I ran into this error when running ec2-upload-bundle:The specified bucket is not S3 v2 safe (see S3 documentation for details)This was due to uppercase letters or underscores. Later I also ran into an issue with periods in bucket names which showed up as this error message:ERROR: Error talking to S3: Server.AccessDenied(403): Access DeniedHere is an easy command to sanitize the bucket names:
sanitized_name=$( echo $name | tr [:upper:] [:lower:] | tr [:punct:] - )
It will lowercase all letters and convert all punctuation to dashes.
On October 22, I’ll be climbing the CN Tower stairs for United Way. Any contribution is appreciated.
I’m teaching a hands-on lab at Information on Demand 2013. I will edit the post to include lab materials closer to the date.
Session: IBD-3475A Crunch Big Data in the Cloud with IBM BigInsights and Hadoop
Time: Thu, 7/Nov, 10:00 AM – 01:00 PM
Location: Mandalay Bay South Convention Center – Shorelines B Lab [Room 15]
Please request a lab environment. We will use a Hadoop environment hosted in the cloud. Each attendee will be provided with a personal environment.
By default, Bash treats uninitialized variables the same way as Perl — they are blank strings. If you want them treated more like Python, you can issue the following command in your bash script:
You will then start seeing warning messages like the following:
./my_script.sh: line 419: FOO_BAR: unbound variable
Note that this mean you can’t check for the non-existence of environment variables with a simple [[ -z "$ENVIRONMENT_VARIABLE" ]]. Instead, you could do something like the following:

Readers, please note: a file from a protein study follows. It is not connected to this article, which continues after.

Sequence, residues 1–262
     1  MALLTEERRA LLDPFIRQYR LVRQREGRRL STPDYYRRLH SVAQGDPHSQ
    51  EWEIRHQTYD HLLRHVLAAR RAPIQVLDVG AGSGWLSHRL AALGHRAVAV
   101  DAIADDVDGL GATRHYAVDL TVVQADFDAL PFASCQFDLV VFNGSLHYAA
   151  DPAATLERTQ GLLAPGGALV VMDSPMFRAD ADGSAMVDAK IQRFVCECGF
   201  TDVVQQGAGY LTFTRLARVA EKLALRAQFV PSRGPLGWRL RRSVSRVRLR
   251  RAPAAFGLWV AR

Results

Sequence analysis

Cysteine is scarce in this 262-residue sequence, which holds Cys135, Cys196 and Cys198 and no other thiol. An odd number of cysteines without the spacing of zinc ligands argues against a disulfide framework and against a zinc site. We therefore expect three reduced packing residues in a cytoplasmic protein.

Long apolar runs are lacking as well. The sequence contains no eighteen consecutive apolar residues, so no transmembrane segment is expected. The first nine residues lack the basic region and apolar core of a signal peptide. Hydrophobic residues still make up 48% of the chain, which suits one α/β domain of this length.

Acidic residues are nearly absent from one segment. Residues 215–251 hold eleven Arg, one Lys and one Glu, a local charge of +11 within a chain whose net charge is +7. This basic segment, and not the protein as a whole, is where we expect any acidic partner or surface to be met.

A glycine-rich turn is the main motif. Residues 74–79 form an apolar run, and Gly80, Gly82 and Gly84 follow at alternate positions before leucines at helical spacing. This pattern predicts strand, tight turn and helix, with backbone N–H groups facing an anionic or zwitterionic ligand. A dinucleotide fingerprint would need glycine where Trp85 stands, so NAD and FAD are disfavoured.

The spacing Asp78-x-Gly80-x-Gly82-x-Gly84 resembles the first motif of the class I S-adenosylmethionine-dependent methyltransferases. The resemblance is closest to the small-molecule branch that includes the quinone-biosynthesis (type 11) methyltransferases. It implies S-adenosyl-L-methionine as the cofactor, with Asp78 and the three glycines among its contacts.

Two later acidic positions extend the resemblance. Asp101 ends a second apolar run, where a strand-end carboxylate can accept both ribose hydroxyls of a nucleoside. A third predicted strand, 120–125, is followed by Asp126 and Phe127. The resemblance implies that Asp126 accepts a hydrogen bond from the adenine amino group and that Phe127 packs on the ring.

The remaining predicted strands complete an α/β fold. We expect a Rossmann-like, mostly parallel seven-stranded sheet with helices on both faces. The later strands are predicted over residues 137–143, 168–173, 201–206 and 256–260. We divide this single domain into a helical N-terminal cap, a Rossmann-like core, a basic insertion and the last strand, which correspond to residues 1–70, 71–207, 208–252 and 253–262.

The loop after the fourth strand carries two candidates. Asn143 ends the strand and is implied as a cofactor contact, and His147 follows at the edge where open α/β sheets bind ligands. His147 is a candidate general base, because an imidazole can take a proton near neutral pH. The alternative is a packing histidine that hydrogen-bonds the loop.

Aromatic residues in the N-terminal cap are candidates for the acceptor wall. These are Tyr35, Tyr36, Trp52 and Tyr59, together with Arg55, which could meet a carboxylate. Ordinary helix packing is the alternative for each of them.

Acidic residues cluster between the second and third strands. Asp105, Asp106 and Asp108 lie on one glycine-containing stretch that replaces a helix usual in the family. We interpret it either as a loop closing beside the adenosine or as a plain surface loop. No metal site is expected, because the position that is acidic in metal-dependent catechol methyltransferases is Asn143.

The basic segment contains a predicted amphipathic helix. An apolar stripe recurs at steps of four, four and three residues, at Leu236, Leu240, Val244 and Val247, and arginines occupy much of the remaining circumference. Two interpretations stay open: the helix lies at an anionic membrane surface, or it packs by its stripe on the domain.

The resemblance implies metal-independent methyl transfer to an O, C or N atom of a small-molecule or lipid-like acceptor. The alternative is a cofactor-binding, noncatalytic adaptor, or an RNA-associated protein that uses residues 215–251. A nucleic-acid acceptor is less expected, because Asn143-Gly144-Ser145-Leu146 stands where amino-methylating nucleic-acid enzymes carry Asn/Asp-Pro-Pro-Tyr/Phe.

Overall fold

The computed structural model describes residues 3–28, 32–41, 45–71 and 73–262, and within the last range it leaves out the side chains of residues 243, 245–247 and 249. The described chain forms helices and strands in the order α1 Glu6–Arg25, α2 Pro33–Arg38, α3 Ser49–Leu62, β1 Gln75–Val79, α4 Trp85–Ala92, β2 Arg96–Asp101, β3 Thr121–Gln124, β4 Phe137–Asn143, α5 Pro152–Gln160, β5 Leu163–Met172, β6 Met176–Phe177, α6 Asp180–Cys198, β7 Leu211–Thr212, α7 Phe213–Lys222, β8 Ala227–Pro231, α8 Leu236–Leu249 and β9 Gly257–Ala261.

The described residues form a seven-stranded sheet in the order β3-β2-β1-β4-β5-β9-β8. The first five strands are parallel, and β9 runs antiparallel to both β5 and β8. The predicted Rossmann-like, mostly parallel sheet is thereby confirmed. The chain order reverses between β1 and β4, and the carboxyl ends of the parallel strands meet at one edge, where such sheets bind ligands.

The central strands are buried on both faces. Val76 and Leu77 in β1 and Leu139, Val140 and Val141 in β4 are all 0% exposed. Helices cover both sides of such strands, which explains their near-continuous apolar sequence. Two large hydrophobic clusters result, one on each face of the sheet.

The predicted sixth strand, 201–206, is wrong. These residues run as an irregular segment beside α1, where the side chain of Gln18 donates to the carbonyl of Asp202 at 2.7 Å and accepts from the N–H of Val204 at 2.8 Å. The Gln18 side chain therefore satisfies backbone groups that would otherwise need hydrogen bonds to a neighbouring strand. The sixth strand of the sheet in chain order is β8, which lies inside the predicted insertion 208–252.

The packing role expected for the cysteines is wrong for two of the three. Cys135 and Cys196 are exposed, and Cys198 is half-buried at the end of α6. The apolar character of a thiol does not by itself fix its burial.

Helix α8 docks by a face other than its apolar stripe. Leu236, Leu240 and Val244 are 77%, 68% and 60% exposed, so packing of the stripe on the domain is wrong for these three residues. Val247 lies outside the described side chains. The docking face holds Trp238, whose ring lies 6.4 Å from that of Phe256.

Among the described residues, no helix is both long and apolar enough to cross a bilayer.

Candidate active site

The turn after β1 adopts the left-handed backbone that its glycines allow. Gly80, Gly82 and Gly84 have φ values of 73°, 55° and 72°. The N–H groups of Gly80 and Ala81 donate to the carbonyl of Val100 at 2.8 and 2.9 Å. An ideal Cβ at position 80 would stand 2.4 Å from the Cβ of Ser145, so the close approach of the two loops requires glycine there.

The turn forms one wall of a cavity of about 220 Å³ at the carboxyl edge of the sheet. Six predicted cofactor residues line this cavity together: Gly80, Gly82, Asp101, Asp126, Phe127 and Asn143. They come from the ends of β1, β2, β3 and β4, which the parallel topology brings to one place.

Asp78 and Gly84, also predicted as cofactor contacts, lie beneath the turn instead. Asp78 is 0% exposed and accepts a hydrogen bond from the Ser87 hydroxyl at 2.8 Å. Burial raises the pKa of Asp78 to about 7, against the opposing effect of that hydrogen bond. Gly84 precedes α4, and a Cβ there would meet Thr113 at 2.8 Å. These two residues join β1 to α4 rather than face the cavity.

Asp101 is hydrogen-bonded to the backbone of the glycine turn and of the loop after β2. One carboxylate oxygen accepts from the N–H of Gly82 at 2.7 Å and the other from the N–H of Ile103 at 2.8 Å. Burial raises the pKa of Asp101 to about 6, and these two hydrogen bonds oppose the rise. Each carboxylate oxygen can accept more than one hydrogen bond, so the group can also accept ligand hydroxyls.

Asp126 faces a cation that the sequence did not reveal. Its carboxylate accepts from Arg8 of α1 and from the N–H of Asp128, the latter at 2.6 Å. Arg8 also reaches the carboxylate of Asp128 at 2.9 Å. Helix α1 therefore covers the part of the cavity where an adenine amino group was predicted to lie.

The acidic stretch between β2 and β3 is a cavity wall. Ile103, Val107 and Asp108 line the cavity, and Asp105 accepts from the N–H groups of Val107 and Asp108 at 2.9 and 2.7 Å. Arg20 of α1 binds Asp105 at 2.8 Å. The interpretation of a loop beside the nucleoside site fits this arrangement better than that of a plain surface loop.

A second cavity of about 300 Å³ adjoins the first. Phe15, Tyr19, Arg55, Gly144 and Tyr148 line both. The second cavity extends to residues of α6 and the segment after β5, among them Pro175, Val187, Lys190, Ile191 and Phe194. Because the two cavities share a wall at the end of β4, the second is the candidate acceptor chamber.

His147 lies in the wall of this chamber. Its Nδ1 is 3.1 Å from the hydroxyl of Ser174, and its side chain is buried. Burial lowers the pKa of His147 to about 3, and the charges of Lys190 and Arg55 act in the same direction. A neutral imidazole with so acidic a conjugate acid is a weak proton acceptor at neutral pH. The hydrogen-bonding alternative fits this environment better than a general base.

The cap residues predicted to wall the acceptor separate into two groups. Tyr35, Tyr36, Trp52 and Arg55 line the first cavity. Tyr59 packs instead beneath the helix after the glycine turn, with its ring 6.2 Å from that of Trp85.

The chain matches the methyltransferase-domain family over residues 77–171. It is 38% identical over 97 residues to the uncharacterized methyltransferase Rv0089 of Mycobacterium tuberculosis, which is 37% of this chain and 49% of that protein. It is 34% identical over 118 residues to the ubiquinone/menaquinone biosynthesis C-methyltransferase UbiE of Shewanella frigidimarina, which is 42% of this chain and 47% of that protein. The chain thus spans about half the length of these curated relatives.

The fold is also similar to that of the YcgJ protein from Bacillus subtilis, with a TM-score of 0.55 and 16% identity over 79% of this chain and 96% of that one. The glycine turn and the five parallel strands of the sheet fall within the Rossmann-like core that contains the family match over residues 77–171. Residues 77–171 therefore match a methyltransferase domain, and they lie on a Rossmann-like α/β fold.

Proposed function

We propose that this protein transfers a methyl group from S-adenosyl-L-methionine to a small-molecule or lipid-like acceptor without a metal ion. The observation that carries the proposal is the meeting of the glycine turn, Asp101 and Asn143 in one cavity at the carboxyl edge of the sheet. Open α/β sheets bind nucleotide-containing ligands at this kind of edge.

[[ $( set | grep "ENVIRONMENT_VARIABLE=" | wc -l ) -lt 1 ]]
PuTTY or one of its forks is a standard tool for administering Unix and Linux machines from Windows. It provides SSH connectivity for command line access, as well as keypair management for compatible programs like WinSCP.
Unfortunately, PuTTY has some terrible defaults. For example, it limits itself to 200 lines of scrollback by default, which guarantees that you’ll lose some history in most SSH sessions.
There’s a way to fix this and other defaults.
First, load the “Default Settings” saved session: Then, configure the defaults as you like. For example, I’m increasing my lines of scrollback from 200 to 20,000:
Then, save the new default settings:
PuTTY will now have a sensible defaults whenever you’re connecting to a random server.
There’s an ongoing brute-force attack against WordPress and Joomla sites. The attack tries to brute-force the admin password. (Reddit)
I had to harden my WordPress some time ago. Here are the guides I followed when hardening my installation:
Additional steps I’ve taken today: